Currently a middle school teacher, Bertrand said she believes the sales targets were set by managers who were higher up: “The sales pressure from management was unbearable.”

The pressure cooker environment is also described in a lawsuit filed by Los Angeles against Wells Fargo in May 2015. The lawsuit says that Wells Fargo’s district managers discussed daily sales for each branch and employee “four times a day, at 11 am, 1 pm, 3 pm and 5 pm.”

Anthony Try, who worked at Wells Fargo’s branches in San Francisco and San Diego as a personal banker and sales representative, told CNNMoney that he believes “management was fully aware of this,” but his bosses deliberately “turned a blind eye.”

Try, who quit in 2013 because he no longer believed in what he was doing, thinks the illegal activity was systemic.

“It was ingrained in the culture for a long time,” he said.

Try, currently a musician and manager, said he did not open unauthorized accounts. However, he did open accounts for friends and family — with their permission — in order to meet the incredible demands from managers.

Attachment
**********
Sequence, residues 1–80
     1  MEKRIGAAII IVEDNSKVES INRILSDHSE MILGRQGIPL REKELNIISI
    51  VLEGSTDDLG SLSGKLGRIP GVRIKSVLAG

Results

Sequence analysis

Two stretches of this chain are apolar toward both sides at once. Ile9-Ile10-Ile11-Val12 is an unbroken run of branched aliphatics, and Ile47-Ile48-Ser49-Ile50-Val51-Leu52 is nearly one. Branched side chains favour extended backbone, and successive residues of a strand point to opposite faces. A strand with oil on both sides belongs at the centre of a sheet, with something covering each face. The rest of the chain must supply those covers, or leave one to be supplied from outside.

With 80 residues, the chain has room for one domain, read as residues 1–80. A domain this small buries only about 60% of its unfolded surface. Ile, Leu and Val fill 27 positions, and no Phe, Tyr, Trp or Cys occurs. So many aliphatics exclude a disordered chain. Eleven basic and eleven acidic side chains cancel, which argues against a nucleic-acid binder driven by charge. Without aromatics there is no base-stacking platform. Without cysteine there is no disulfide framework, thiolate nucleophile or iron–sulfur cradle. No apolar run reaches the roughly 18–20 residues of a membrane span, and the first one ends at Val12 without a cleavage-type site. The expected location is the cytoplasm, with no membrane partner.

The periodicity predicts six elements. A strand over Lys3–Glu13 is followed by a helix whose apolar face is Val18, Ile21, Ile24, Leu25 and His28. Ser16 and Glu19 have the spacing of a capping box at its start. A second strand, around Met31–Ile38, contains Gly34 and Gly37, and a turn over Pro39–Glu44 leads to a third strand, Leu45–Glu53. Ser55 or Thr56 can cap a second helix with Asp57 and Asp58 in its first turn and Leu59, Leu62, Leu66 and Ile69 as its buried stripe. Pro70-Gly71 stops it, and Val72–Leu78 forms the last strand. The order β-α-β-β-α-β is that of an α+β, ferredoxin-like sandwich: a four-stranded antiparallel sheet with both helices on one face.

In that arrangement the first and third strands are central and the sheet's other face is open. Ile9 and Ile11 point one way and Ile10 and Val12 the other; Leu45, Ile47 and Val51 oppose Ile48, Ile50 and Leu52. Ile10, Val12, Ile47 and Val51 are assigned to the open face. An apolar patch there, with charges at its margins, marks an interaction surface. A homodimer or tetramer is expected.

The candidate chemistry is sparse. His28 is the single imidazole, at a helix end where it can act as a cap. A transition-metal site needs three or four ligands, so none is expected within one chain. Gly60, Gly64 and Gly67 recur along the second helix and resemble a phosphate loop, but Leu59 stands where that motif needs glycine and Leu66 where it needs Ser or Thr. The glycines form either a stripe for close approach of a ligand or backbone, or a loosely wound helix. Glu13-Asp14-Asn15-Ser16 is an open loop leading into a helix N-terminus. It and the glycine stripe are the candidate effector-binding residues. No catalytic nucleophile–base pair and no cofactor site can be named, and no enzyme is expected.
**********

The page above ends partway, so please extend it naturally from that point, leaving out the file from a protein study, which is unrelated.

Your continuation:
“There would be days where we would open five checking accounts for friends and family just to go home early,” he said.

Consumer watchdog that fined bank proves its worth, she says Lender’s case shows Trump is wrong about regulation: Clinton

Democratic presidential candidate Hillary Clinton said the consumer watchdog created under the Dodd-Frank overhaul of U.S. financial rules proved its value by fining Wells Fargo & Co. over claims that bank employees opened more than 2 million accounts without the approval of customers.

Donald Trump, Clinton’s Republican rival in the November election, is seeking to dismantle the Consumer Financial Protection Bureau, she said Friday in a statement. Trump calls government oversight of U.S. business “excessive” and has called for a pause on new rules and a review of existing regulations. Clinton said she applauded the panel’s response to Wells Fargo’s “outrageous behavior.”

The case “is a stark reminder of why we need a strong consumer watchdog to safeguard against unfair and deceptive practices,” Clinton said in the statement. “It’s yet another example of how much is at stake in this election.”

Read on.

Sen. Warren calls Wells Fargo scheme ‘staggering fraud’

“We never take for granted the trust our customers have placed in us.”—-Prominent display text in the Wells Fargo 2015 annual report

Sen. Warren weighs in on the scheme involving former Wells Fargo employees who created bogus bank accounts.

Click the video. Click here.


More from CFPB website: